Our programmes undergo an annual review and major review (normally at 6 year intervals) to ensure an up-to-date curriculum supported by the latest online learning technology. For further information on when we may make changes to our programmes, please see the changes section of our Terms and Conditions.

Important Notice
This online prospectus provides an overview of our programmes of study and the University. We regularly update our online prospectus so that our published course information is accurate. Please check back to the online prospectus before making an application to us to access the most up to date information for your chosen course of study.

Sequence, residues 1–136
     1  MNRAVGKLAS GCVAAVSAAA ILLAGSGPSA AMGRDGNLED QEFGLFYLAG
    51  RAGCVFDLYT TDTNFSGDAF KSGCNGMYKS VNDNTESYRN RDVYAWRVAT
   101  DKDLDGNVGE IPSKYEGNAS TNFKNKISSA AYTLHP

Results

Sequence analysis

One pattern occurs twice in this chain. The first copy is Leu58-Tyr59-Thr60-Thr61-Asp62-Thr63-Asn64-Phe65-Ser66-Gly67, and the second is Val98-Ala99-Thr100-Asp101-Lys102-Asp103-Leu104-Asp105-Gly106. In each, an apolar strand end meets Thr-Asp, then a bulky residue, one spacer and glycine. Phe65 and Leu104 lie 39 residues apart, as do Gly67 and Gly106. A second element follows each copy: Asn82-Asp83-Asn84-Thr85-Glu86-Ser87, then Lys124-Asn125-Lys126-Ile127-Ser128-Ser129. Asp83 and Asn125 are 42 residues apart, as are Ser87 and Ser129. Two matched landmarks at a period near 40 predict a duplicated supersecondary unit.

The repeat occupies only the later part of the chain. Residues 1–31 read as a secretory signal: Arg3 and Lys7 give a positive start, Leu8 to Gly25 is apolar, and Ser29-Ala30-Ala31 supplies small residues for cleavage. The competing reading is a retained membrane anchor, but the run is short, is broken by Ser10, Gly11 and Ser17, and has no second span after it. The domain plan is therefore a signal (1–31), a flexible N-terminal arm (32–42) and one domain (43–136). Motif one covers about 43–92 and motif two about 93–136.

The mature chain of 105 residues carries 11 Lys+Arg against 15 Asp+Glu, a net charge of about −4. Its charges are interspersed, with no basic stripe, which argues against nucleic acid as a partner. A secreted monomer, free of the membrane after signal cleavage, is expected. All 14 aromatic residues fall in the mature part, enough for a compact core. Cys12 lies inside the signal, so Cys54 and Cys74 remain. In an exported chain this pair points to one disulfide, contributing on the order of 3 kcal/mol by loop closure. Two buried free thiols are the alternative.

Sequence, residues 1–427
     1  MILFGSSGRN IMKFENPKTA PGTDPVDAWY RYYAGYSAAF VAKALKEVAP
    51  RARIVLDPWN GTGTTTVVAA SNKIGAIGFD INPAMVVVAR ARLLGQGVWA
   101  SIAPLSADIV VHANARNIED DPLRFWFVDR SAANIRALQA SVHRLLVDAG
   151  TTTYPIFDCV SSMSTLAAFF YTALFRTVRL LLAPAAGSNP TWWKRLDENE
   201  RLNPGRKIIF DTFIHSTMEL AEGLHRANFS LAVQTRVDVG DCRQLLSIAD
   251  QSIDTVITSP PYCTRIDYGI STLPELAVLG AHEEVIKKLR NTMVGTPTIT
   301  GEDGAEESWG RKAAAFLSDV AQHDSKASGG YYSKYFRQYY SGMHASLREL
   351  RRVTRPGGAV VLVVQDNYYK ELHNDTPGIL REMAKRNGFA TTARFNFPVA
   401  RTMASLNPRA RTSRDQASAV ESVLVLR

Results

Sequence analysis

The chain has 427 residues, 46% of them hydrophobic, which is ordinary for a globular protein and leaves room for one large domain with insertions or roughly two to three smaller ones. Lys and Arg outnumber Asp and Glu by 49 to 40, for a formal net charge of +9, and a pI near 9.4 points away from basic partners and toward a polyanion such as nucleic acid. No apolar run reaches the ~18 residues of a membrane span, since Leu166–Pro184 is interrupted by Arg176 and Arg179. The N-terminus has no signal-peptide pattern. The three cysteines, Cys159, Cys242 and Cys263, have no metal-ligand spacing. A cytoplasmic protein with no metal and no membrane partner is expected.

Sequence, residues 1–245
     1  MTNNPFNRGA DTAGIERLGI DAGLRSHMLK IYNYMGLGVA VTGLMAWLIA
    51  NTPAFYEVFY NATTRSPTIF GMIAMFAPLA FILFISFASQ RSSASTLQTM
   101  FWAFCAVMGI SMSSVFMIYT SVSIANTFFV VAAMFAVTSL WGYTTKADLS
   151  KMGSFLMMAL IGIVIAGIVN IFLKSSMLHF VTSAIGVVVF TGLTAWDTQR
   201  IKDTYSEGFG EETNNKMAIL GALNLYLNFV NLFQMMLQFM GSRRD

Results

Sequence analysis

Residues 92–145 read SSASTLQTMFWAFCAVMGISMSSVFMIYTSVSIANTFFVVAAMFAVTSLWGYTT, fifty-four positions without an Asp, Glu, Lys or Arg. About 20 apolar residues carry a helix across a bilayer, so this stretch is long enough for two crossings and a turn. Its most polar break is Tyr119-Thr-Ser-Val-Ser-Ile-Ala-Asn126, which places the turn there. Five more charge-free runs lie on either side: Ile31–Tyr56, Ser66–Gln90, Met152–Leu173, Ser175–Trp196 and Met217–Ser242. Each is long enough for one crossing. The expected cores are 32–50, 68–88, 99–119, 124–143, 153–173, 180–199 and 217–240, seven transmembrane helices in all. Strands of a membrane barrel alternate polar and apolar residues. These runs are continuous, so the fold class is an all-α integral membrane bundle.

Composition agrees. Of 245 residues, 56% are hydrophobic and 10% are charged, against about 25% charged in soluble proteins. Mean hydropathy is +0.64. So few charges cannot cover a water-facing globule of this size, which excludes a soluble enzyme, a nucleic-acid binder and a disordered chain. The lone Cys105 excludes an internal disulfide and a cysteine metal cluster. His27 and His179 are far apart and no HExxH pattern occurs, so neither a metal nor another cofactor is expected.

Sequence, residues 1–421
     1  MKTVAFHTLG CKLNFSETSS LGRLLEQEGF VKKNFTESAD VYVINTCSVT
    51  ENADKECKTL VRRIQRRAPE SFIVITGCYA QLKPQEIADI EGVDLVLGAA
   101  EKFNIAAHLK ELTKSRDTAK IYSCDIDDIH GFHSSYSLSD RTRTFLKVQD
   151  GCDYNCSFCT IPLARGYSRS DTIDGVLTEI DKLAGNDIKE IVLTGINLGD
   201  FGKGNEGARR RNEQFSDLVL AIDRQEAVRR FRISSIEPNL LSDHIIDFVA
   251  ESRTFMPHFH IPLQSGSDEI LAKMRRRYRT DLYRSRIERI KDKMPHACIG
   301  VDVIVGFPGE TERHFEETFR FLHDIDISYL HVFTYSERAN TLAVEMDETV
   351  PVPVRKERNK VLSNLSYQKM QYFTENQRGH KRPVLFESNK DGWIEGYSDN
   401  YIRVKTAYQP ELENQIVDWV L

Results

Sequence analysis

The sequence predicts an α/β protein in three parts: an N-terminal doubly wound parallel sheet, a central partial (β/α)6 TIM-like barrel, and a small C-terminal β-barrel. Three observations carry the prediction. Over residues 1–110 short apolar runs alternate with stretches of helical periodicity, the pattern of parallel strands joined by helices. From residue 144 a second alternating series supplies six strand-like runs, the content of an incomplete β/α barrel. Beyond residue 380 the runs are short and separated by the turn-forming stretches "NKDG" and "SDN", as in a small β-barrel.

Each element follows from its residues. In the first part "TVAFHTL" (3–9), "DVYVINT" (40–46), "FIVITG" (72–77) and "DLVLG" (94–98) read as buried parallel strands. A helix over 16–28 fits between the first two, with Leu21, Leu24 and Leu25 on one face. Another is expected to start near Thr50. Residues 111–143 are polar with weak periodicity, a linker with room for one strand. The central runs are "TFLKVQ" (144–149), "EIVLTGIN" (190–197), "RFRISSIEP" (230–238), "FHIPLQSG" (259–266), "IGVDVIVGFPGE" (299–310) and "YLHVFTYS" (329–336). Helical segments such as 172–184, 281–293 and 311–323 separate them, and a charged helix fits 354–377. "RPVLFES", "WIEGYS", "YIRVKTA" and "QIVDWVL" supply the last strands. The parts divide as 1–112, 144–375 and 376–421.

Confirmation of Regulator
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All higher education providers registered with the OfS must have a student protection plan in place. The student protection plan sets out what students can expect to happen should a course, campus, or institution close. Access our current Student Protection Plan.